Cover image for Why a painting is like a pizza : a guide to understanding and enjoying modern art
Why a painting is like a pizza : a guide to understanding and enjoying modern art
Heller, Nancy.
Personal Author:
Publication Information:
Princeton, N.J. : Princeton University Press, [2002]

Physical Description:
192 pages : illustrations (some color) ; 24 cm
Electronic Access:
Publisher description

Format :


Call Number
Material Type
Home Location
Item Holds
N6490 .H42 2002 Adult Non-Fiction Non-Fiction Area

On Order



The first time she made a pizza from scratch, art historian Nancy Heller made the observation that led her to write this entertaining guide to contemporary art. Comparing modern art not only to pizzas but also to traditional and children's art, Heller shows us how we can refine analytical tools we already possess to understand and enjoy even the most unfamiliar paintings and sculptures.

How is a painting like a pizza? Both depend on visual balance for much of their overall appeal and, though both can be judged by a set of established standards, pizzas and paintings must ultimately be evaluated in terms of individual taste. By using such commonsense examples and making unexpected connections, this book helps even the most skeptical viewers feel comfortable around contemporary art and see aspects of it they would otherwise miss. Heller discusses how nontraditional works of art are made--and thus how to talk about their composition and formal elements. She also considers why such art is made and what it "means."

At the same time, Heller reassures those of us who have felt uncomfortable around avant-garde art that we don't have to like all--or even any--of it. Yet, if we can relax, we can use the aesthetic awareness developed in everyday life to analyze almost any painting, sculpture, or installation. Heller also gives concise answers to the eight questions she is most frequently asked about contemporary art--from how to tell when an abstract painting is right side up to which works of art belong in a museum.

This book is for anyone who agrees with art critic Clement Greenberg that "All profoundly original art looks ugly at first." It's also for anyone who disagrees. It is for anyone who wants to get more out of a museum or gallery visit and would like to be able to say something more than just "yes" or "no" when asked if they like an artist's work.

Author Notes

Nancy G. Heller is Professor of Art History at The University of the Arts in Philadelphia. The author of Women Artists: An Illustrated History and Women Artists: Works from the National Museum of Women in the Arts , Heller has received awards from the National Endowment for the Humanities and the Smithsonian Institution.

Reviews 2

Library Journal Review

In this evocatively titled book, Heller (art history, Univ. of the Arts, Philadelphia) simplifies the complexities of modern avant-garde art, making it palatable and accessible to an uninformed audience. She demonstrates that all art is made up of similar aesthetic elements and that modern art can be approached in the same way as traditional or representational art-a controversial premise that understates the importance of history, politics, and culture as they have influenced our understanding of art. Heller uses formal elements such as color, balance, and texture to address personal taste and its relation to art, arguing that we can compare the visual balance of a painting to pizzas, polo shirts, and mini-blinds. In her attempt to make the book accessible, she at times writes awkwardly, shifting between a vernacular and an academic voice. But though she oversimplifies, her argument will offer baffled museum and gallery visitors a way to appreciate otherwise difficult work. Recommended for large public libraries.-Krista Ivy, California State Univ., San Bernardino (c) Copyright 2010. Library Journals LLC, a wholly owned subsidiary of Media Source, Inc. No redistribution permitted.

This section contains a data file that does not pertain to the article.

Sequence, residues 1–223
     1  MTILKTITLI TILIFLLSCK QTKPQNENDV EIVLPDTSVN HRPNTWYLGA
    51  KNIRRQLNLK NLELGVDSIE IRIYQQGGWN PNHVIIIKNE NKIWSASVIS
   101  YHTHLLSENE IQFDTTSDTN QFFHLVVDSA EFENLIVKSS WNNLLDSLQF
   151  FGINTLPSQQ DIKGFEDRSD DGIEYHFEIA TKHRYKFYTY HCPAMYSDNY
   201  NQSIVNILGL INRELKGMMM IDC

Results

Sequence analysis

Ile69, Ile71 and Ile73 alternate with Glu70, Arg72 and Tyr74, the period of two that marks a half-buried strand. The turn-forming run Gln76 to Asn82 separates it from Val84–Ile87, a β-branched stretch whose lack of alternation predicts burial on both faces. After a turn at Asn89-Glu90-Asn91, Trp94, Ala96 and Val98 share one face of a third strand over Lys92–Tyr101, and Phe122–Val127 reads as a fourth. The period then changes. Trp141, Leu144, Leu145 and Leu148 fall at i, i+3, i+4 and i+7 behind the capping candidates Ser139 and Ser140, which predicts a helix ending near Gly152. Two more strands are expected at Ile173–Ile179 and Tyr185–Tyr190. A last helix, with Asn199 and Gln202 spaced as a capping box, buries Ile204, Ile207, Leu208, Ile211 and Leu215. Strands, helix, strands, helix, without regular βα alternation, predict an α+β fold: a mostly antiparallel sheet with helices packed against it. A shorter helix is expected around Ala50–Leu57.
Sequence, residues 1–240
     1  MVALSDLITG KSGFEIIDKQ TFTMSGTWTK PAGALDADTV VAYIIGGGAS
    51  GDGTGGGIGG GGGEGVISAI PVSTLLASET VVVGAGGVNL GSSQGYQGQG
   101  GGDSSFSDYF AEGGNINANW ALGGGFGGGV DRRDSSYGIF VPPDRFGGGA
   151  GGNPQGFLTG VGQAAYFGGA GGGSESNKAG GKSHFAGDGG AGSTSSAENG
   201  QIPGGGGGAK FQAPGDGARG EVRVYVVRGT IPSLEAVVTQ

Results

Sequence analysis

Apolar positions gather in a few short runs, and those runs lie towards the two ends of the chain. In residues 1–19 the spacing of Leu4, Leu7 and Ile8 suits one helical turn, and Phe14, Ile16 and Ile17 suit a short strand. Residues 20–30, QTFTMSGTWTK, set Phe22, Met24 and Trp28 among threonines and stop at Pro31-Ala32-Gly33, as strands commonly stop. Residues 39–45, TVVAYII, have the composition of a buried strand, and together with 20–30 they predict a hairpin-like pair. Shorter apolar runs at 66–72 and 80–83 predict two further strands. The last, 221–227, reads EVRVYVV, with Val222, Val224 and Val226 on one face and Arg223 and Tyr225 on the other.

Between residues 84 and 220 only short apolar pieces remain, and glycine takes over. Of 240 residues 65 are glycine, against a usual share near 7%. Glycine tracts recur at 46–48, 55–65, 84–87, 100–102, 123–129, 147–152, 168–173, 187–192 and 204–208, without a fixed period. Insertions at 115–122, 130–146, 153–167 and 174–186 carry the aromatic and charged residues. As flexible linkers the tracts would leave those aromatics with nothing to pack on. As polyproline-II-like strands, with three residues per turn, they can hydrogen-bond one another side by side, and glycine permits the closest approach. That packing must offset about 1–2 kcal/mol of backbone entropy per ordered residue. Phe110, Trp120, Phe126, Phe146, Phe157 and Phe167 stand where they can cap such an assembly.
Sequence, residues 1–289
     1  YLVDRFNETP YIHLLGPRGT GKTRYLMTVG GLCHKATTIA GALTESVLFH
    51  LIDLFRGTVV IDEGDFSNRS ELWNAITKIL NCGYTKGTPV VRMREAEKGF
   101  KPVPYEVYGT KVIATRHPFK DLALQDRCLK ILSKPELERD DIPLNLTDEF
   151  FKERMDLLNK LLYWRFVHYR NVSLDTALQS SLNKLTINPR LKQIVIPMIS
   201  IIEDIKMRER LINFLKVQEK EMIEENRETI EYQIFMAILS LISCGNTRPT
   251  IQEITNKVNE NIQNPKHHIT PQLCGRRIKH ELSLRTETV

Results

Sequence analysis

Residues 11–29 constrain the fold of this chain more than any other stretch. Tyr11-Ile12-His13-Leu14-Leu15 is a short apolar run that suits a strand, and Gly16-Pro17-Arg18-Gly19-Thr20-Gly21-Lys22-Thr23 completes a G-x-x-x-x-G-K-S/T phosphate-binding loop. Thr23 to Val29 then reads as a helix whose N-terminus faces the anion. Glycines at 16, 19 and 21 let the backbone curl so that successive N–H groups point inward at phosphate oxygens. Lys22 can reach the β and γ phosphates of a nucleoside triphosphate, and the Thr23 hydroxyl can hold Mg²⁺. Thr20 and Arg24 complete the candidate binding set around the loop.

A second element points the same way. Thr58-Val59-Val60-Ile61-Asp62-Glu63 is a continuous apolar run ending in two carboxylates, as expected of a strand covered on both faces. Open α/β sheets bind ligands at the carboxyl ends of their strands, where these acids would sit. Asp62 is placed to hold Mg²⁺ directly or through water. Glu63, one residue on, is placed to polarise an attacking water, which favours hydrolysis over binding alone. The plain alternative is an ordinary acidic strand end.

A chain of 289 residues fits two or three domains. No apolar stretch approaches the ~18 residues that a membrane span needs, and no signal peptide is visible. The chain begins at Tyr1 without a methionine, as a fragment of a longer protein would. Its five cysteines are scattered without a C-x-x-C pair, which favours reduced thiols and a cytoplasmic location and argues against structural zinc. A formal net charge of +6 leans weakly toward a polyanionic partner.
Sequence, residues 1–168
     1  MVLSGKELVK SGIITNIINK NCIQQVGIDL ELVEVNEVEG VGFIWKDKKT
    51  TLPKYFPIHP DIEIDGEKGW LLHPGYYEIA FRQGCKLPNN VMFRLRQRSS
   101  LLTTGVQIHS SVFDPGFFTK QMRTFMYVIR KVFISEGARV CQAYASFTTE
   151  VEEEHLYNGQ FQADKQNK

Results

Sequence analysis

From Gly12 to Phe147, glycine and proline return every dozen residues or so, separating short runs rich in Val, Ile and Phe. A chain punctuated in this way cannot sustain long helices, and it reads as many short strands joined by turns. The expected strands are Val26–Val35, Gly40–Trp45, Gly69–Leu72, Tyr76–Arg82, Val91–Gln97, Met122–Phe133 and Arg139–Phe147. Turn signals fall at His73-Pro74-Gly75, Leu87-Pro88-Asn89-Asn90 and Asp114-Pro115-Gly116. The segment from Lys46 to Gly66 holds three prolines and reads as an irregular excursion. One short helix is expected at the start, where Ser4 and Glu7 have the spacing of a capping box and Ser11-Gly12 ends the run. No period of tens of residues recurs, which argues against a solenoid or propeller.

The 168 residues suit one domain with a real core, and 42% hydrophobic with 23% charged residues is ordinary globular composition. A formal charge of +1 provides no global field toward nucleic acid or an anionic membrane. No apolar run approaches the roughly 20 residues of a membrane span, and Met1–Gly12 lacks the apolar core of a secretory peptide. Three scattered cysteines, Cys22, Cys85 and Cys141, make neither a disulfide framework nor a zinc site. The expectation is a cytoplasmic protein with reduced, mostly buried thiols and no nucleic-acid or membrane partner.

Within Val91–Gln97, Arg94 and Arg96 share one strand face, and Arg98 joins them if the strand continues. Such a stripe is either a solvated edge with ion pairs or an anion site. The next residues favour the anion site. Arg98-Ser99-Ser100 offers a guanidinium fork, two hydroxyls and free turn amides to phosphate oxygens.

Choice Review

Heller (art history, Univ. of the Arts) realizes that a painting is not like a pizza. She also knows, however, that this and the other homely analogies that pepper her introduction to modern art are entirely appropriate for an audience of curious and suspicious neophytes venturing into difficult terrain. Heller focuses on just the "paintings that people love to hate," anticipating and answering philistine queries with disarming straightforwardness. Modernist and postmodernist art discussed includes abstract expressionist paintings by Pollock and Kline; the stripe paintings of Noland, Newman, and Louis; Duchamp's ready-mades and their offspring; and performances, installations, and topical offerings by Damian Hirst and Jeff Koons. The emphasis on difficult and controversial works, which are compared to more traditional works, to each other, and to common things, introduces various ways of interpreting and evaluating art in the context of specific examples. Although the quality of reproductions is not as wonderful as various "big book" art appreciation texts and there is no attempt at comprehensiveness, this short, pithy, and intelligent exercise in art appreciation may be more useful for either a beginning class or an individual reader in need of guidance. ^BSumming Up: Highly recommended. General readers; lower- and upper-division undergraduates. W. B. Holmes University of Rhode Island

Table of Contents

Prefacep. 6
Introductionp. 9
1 Exactly What Is "Abstract" Acts?p. 13
1 Why is a Painting Like a Pizza?p. 21
3 Making Aethetic Decisions in Art and in Daily Lifep. 35
4 Paintings that People Love to Hatep. 65
5 Bending--and Breaking--the Rulesp. 83
6 New Materials, New Rulesp. 101
7 Art Invades Life, and Vice Versap. 115
8 The Emotional Impact of (Some) Absrtact Artp. 133
9 Commonsense Answers to Some of the Questions Most often Asked about Modern Artp. 149
Notesp. 173
Acknowledgmentsp. 182
Suggestions for Further Readingp. 184
Indexp. 186